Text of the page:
It was in July of 2013 that the Langham Hotel Chicago, owners of the sculpture, opened in Mies van der Rohe's last skyscraper, the iconic IBM Building (now officially renamed AMA Plaza.)  And it's been 15 months since the Commission on Chicago Landmarks reversed its initial decision to ban the metallic travelers for being too close to the building.  The move followed an agreement to move the sculpture from its original position beneath the Landham's gilded canopy on Wabash to a spot on the adjacent riverfront plaza.
The pedestal for the work by Taiwanese sculptor Ju Ming was installed last December, but stood empty as late as last Saturday, when it was used as a stepping stone for photographers snapping shots of the annual St. Patrick's Day dyeing of the Chicago River green.
Then, sometime this past week, without fanfare, the travelers took up their station.  As with other of the sculptor's works, visitors are already enjoying sharing space with the frozen figures.
Ju Ming, born in 1938 and trained as a woodcarver, has gone on to an international career creating works in a wide variety of materials.  In 1999, he spent most of his life savings to create the Juming Museum near Taipei to showcase both his own work and that of other contemporary masters.  It is Taiwan's largest sculpture garden.  His subjects range from generic everymen, women and children, to paratroopers and even Albert Einstein.
If the businessmen had been placed under the hotel's canopy, they would have looked like they were waiting for their rides, cousins to J. Seward Johnson's Allow Me hailing a cab outside the Four Seasons on East Delaware.  Standing isolated on the plaza, however, they begin to look a bit dazed and confused, 1960's Man-Men-era executives teleported in an instant from an unknown place to a place unknown.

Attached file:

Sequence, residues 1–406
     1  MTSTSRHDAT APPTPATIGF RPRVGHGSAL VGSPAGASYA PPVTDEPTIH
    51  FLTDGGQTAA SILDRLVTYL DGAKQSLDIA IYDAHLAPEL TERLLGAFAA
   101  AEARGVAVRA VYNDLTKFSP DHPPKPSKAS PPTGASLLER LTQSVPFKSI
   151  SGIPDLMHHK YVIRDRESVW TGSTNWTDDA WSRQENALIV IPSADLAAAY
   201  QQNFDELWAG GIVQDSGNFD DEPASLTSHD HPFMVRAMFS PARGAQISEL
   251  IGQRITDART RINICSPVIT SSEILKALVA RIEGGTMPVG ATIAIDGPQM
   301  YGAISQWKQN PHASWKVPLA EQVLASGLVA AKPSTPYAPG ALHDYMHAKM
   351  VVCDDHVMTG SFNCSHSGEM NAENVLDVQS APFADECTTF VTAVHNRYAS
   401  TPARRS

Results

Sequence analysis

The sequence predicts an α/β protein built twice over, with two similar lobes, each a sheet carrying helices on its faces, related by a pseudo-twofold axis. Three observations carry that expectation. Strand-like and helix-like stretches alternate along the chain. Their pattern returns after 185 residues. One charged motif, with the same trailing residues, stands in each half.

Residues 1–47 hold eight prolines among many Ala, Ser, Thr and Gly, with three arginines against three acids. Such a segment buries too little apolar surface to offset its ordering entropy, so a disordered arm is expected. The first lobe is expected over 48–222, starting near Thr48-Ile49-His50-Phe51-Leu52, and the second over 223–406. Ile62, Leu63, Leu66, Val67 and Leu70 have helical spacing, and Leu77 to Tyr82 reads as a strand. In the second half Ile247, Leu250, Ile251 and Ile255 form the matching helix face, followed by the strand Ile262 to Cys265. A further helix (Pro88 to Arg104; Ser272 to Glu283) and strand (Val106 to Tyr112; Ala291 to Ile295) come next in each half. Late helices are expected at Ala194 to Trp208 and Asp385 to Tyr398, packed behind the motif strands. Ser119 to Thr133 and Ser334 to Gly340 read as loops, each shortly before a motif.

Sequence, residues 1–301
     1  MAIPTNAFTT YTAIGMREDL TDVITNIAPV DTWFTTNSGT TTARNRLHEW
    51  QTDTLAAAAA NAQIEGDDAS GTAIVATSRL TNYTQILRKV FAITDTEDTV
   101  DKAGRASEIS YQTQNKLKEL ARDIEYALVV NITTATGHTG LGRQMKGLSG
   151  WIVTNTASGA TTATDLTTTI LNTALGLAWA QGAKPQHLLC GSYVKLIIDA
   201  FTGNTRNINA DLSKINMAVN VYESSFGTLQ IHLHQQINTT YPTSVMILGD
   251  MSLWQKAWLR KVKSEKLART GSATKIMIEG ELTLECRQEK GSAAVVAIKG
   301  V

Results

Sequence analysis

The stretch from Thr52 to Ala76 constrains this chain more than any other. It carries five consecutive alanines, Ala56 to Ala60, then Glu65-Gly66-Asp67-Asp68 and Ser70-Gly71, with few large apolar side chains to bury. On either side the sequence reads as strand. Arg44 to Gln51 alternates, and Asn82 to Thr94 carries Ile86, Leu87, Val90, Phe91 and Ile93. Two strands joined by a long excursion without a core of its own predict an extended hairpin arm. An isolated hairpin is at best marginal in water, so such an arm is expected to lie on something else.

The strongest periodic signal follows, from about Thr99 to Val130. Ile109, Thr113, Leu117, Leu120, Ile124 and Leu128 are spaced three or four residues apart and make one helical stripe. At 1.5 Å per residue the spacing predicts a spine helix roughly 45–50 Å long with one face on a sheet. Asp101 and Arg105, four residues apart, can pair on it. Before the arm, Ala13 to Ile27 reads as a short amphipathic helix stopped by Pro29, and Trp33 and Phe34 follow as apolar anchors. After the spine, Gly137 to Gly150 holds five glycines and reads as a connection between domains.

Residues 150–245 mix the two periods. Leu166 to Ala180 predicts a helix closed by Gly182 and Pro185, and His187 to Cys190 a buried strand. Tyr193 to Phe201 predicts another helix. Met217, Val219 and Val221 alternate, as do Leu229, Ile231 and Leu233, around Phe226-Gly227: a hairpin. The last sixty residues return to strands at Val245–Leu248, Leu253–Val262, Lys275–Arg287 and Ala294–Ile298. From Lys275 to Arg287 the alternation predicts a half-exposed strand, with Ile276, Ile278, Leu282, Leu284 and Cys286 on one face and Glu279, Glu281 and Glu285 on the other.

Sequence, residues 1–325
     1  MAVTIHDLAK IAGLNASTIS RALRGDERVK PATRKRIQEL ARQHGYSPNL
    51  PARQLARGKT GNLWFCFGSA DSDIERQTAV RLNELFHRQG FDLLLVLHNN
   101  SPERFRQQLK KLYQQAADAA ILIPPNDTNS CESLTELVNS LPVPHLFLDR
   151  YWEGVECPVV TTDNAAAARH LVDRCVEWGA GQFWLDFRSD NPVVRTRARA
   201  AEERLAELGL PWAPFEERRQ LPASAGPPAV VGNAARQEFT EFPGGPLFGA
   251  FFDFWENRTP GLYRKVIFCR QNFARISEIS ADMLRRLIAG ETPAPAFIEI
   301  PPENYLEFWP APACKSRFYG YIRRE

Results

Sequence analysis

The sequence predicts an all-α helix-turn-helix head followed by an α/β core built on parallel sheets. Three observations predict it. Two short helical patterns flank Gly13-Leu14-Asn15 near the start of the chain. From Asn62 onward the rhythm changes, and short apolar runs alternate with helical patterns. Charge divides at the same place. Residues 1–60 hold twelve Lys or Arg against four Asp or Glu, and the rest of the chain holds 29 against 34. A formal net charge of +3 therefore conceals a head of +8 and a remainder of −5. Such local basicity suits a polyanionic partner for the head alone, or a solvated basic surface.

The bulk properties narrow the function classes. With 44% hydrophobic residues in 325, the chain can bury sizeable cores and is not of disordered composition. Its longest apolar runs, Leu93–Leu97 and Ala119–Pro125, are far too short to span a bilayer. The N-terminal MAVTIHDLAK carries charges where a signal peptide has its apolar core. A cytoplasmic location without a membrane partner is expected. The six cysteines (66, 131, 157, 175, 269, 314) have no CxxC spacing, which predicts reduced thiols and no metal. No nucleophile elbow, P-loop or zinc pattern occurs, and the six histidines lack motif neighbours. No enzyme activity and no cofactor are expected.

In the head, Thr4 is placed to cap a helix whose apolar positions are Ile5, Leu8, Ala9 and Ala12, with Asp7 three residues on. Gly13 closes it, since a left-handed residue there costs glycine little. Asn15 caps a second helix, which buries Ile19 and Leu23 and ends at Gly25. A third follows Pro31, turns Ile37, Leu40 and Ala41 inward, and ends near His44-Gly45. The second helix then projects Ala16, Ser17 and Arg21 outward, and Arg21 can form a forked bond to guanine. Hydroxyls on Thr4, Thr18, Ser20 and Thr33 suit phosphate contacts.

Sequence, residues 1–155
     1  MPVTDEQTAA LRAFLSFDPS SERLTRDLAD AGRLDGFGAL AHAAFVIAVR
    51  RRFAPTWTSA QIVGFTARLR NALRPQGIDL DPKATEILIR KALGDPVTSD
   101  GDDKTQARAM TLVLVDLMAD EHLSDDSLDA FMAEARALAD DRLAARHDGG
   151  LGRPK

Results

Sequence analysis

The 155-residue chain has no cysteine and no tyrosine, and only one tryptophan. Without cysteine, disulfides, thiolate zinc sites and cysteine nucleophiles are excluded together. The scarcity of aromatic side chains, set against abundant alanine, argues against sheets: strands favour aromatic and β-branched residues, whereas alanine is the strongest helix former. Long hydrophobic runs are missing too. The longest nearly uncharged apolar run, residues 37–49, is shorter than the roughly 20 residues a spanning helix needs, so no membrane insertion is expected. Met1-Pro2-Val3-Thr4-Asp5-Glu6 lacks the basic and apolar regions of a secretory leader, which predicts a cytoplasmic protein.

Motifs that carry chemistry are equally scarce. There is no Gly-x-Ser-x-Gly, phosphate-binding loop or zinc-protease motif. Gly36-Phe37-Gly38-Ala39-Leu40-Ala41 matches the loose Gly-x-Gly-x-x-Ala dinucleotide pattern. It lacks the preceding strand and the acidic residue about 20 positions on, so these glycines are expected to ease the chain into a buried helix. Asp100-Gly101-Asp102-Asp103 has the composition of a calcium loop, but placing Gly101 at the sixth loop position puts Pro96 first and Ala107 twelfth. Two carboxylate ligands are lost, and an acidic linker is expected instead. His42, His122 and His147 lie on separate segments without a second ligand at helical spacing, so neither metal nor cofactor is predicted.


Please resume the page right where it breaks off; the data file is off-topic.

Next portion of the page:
Read More about Mies van Der Rohe's IBM Building and the Langham Hotel Chicago:

Wednesday, February 04, 2015

Presidents and Their Monuments: The Barack Obama Library spurs both a Design Competition and a Battle over Chicago's Parks

Barack Presidential Library Commission
entry from Aras Burak Sen (click images for larger view)
When it comes to civic buildings, how do you define the relationship between architecture and power? Imposing scale conveys might, to be sure, but heavy classicism, to cite another frequently deployed design stratagem - does it express majesty or empire?  Dignity or a bulwark against dissent?

Next month, the announcement will be made as to where the Barack Obama Library and Museum will be located.  Whether the still unnamed architect for the project engages any of the above questions remains to be seen, but a new - and unauthorized - design competition for the library, co-sponsored by the Chicago Architectural Club and Chicago Architecture Foundation, brings more consideration and imagination to the core issues of what a Presidential library should express than the officially designated architect will probably ever be allowed to consider.

U.S. Presidential libraries have become America's pyramids.  From the $375,000 FDR raised for the first one back in the 1940's, to the nearly quarter billion dollars spent on the Robert Stern-designed 200,000 square-foot George W. Bush Presidential Center just outside Dallas, they've gone from being centers of scholarship to full-up pharaonic monuments.
George W. Bush Presidential Center, photograph J.P Fagerback Wikipedia commons
The bidding and selection process for the site for the library that will archive the achievements of Barack Obama has become a study in the arrogance of power, with the Obama Foundation, the University of Chicago, and the Emanuel administration seeming to be in their own competition to see who can be the least transparent and most contemptuous of the general public. (Not that there's anything new to this, as a recent recent Chicago Tribune story by Dahleen Glanton on the contentious history of presidential libraries has ably documented.)